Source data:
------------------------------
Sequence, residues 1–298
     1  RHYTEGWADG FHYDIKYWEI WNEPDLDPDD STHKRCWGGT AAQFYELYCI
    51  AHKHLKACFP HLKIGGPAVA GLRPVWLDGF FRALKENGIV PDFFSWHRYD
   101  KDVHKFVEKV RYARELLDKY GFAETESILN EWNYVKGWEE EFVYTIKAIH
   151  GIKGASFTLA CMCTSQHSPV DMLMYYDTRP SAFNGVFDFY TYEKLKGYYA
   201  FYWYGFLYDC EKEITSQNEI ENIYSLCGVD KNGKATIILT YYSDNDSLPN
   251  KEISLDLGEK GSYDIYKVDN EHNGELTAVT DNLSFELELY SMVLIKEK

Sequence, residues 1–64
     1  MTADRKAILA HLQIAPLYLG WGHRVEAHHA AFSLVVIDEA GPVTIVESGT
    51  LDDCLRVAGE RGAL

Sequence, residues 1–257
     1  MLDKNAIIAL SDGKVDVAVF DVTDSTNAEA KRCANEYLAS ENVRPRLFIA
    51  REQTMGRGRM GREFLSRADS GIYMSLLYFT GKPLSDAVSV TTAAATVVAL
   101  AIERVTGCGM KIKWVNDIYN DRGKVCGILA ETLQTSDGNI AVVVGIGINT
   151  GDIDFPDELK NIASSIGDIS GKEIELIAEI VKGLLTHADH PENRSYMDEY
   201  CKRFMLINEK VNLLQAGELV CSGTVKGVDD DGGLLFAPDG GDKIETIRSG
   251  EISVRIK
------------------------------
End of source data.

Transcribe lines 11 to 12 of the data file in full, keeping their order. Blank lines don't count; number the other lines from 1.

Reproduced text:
Sequence, residues 1–257
     1  MLDKNAIIAL SDGKVDVAVF DVTDSTNAEA KRCANEYLAS ENVRPRLFIA